Rating: 3 out of 5 stars
Genre: Drama, Music
Run Time: 1 hour, 45 minutes, Rated R
Starring: Oscar Isaac, Carey Mulligan, Justin Timberlake, Ethan Phillips, Robin Bartlett, John Goodman, Garrett Hedlund
Directed by Ethan & Joel Coen (True Grit, A Serious Man, No Country for Old Men, Fargo, The Big Lebowski, The Hudsucker Proxy, Raising Arizona)
After the 2003 Christopher Guest comedy, A Mighty Wind, it's not too clear that the world needed - or wanted - another movie set in the world of folk music. Thanks to the Coen Brothers, we now get a much more serious take on the life of a folk musician with Inside Llewyn Davis(opening today).
As the title implies, the film follows a man by the name of Llewyn Davis (Oscar Isaac). He is a homeless drifter, a vagabond musician who occasionally plays gigs at a local dive bar that features other performers in the genre. He is one half of a folk duo, but his other half found the life so rough that he threw himself from the George Washington bridge. Davis longs for those times, but even then it wasn't like they had any real success.
In and out of Llewyn's life is the vitriol-filled Jean (Carey Mulligan), whom had a regrettable past fling with Llewyn. She is now in her own duo with her boyfriend, Jim (Justin Timberlake). Llewyn tries to leech off of her for a few nights but her bitterness drives him back to the streets. He also takes advantage of the generosity shown by another couple, Mr. and Mrs. Gorfein (Ethan Phillips and Robin Bartlett), from time to time.
It is at the Gorfein's one morning where Llewyn slips out, accidentally letting out the Gorfein's cat, Ulysses. When the door locks, Llewyn has no choice but to lug this cat around with him.
As Llewyn grows tired of the dark, dank bar life, Jim gets him to sit in on a studio session recording. Llewyn needs the cash from the session because his out-of-touch manager isn't doing anything for him. In exchange for the cash, Llewyn signs away his rights to collect any royalties from the session. From what we know of poor Llewyn, that song will probably be a major hit, and it just goes to show the direction his fortune takes in this world (the song, "Please Mr. Kennedy," is quite hilarious and destined for Oscar recognition, especially if they can land Justin Timberlake to perform).
Now it's time for full-disclosure: I am not a fan of the Coen Brothers. Never have been...and that's an all-inclusive statement. For years I've carried this as some sort of movie-lover's deficiency. It's not that I despise all of their movies (although I do loathe O Brother, Where Art Thou?, A Serious Man and Barton Fink, amongst a few others), it's just that I've never fully connected with a one of them. That means you, Raising Arizona, Fargo and The Big Lebowski. I try to hold this disappointment at bay when viewing each new Coen Brothers film that is released. Perhaps I'm not able to fight it? Am I missing the Coen Brothers gene?
So if you aren't able to tell where this is going, I'll spell it out. It's with heavy-heart that I report to you that Inside Llewyn Davis also failed to connect with me. Disregard my review as coming from a "Coen-hater" if you'd like, but hear me out.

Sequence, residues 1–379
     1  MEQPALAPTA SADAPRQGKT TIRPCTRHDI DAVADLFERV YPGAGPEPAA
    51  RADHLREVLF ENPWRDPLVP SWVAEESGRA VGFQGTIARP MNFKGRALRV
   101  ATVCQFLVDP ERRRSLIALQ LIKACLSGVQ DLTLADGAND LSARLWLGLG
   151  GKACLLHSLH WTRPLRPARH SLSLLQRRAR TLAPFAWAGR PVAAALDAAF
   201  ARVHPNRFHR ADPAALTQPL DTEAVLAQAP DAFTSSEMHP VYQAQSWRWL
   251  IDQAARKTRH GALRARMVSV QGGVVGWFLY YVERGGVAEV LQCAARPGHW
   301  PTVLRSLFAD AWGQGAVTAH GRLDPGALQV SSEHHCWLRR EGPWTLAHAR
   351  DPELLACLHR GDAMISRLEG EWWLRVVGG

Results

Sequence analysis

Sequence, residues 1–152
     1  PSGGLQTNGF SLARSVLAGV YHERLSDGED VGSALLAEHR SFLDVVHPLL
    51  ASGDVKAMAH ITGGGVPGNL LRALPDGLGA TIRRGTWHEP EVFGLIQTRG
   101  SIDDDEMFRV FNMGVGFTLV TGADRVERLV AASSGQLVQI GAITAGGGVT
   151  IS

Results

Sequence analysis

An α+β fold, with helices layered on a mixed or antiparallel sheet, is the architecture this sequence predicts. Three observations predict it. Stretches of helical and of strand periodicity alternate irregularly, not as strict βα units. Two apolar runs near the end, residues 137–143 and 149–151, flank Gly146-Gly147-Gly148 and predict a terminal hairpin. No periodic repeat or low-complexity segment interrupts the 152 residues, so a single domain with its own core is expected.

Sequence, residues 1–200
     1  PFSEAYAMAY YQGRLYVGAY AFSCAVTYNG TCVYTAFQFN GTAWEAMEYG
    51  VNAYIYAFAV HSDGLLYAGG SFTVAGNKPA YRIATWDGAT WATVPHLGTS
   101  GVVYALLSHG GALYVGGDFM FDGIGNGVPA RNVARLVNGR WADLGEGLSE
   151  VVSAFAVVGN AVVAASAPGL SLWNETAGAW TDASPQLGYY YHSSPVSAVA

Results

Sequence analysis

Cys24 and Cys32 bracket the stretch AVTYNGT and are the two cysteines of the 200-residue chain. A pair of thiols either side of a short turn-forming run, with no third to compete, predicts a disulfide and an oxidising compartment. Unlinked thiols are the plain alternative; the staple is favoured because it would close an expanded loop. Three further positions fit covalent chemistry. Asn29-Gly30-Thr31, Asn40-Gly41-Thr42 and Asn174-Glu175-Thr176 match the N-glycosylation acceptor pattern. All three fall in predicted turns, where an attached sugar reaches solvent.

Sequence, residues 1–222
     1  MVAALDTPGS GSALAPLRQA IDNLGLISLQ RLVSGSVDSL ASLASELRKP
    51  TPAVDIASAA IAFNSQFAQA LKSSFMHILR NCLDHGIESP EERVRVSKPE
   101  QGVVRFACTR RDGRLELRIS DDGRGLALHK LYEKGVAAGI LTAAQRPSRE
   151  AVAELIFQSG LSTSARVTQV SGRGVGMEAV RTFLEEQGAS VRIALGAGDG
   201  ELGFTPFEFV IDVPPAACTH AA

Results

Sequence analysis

First of all, Inside Llewyn Davis is much less "Coen-esque" than many of their other films. There are a few humorous exchanges and the essential John Goodman cameo, but the tone of this film is much darker, much more somber than previous efforts. Narratively, the film is disjointed. We never even get what the film's title suggests, and that's inside this man. We do get a character study of what it was like to be a struggling musician in the 60s and Oscar Isaac gives a very good performance. But by the time this one wraps up, the Coens take this simplistic story and complicate things with a preposterous twist - a la No Country For Old Men - that only goes to exercise their most pretentious bones.
They allude to some deeper, metaphoric themes involving the cat, it's name (Ulysses), its purpose and the 1963 Walt Disney film The Incredible Journey, which featured a cat and two dogs on a trek to find their home. What does it all mean? The bigger question I left with: Who cares?
I may have cared a bit more to explore some of these themes, but the movie deterred me from doing so. There isn't any reason to spend that sort of time on a film that has nothing to offer us about its characters. Llewyn is surrounded by several paper-thin supporting players, and by himself, we learn all we ever need to know about him in the film's opening number.
Inside Llewyn Davis isn't awful, but it just lazily exists. Forget comparisons to Coen Brothers films of the past, as this critic doesn't believe there is much to measure against. On its own, it's just a less funny, less compelling and overly serious version of A Mighty Wind. But here's hoping that "Please Mr. Kennedy" gets Oscar air-time much like the Mitch & Micky classic, "A Kiss At The End of the Rainbow." It's definitely deserved.
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